Study Guide

The White Darkness Writing Style

By Geraldine McCaughrean

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Writing Style

Intricate, Sensitive, Ambiguous

In The White Darkness, author Geraldine McCaughrean juggles a lot of concepts that overlap in interesting ways. She ties Sym's emotional development to the external landscape of Antarctica, finding a profound connection between Sym's inner life and her external environment. McCaughrean also imagines part of Sym's personality as a historical figure from the early 20th century. The intricacy and nuance in the text helps successfully keep all those balls in the air. As Sym says, "It's a lot to take in. A place with my name. The entrance to a hollow planet. Worlds within worlds" (8.25-8.28). Sing it, sister.

McCaughrean also shows sensitivity and empathy toward her characters. There is Sym, of course, who is a sensitive girl. But the novel isn't just sympathetic toward Sym; it also spares a kind thought for the bad guys. When Sym and Sigurd realize that Manfred doesn't have gloves ("suddenly the lack of gloves made Bruch real again—flesh-and-blood real, not a character in a play" (15.22)), he transforms from a con man who got his comeuppance to a victim who should be pitied. And when Sym says that Victor destroyed her, Titus suggests that even he deserves pity. "But do you think he meant to? Do you think it was done with malice?" (21.7)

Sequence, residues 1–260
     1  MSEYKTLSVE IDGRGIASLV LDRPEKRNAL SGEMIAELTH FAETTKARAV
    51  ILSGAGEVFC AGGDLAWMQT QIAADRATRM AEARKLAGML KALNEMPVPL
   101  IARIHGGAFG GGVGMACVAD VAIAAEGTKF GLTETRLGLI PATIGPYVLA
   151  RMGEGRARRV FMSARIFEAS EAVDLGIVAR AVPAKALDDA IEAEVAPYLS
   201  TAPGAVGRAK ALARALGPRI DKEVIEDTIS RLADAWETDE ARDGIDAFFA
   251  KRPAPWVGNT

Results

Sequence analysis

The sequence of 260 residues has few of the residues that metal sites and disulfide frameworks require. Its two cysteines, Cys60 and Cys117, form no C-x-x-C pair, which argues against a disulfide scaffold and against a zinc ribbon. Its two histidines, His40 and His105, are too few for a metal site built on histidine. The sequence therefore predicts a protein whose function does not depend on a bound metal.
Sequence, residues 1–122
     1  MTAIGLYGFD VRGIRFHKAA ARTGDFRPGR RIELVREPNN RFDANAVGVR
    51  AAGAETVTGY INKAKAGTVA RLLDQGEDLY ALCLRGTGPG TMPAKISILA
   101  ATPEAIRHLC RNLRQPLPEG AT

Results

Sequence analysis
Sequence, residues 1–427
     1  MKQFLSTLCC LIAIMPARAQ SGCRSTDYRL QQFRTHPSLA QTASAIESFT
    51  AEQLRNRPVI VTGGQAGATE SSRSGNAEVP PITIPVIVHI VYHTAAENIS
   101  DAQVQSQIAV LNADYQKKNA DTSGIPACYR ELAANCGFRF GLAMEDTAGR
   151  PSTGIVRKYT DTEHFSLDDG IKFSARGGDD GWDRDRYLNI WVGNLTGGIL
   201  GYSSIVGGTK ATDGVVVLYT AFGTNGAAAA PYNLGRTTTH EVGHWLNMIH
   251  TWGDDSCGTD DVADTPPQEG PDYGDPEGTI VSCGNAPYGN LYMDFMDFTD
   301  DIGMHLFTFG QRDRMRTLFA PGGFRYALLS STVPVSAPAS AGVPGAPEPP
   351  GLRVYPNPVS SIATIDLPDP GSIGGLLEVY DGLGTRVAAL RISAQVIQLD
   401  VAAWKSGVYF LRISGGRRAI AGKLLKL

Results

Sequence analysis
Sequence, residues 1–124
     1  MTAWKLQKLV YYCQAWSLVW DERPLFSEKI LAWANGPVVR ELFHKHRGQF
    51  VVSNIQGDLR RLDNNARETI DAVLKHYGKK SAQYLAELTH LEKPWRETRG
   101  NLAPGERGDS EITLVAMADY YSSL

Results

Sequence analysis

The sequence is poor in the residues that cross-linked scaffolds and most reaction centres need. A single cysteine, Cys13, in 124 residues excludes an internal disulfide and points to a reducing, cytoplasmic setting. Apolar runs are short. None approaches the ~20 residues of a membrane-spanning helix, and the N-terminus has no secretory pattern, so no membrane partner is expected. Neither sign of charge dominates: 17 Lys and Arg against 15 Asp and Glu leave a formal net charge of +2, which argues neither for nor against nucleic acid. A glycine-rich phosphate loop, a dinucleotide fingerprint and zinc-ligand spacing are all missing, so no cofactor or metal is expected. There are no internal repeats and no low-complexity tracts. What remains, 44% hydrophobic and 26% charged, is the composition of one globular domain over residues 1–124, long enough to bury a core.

The last characteristic, ambiguity, is—by definition—a bit more difficult to pin down. Suffice to say McCaughrean leaves room for doubt, or multiple interpretations. One example is the way in which she suggests that Titus "came to life" toward the end of the book when he rescues Sym. Is he just a figment of her imagination the whole time? Or is there some supernatural element in play? "How could he possibly have told me something I truly didn't know?" Sym wonders. "Oh, Titus! Tell me what it means! Tell me what to make of it! Tell me what to think?" (23.51) But on this point, at least, Titus (and by extension, the author) refuses to clarify.

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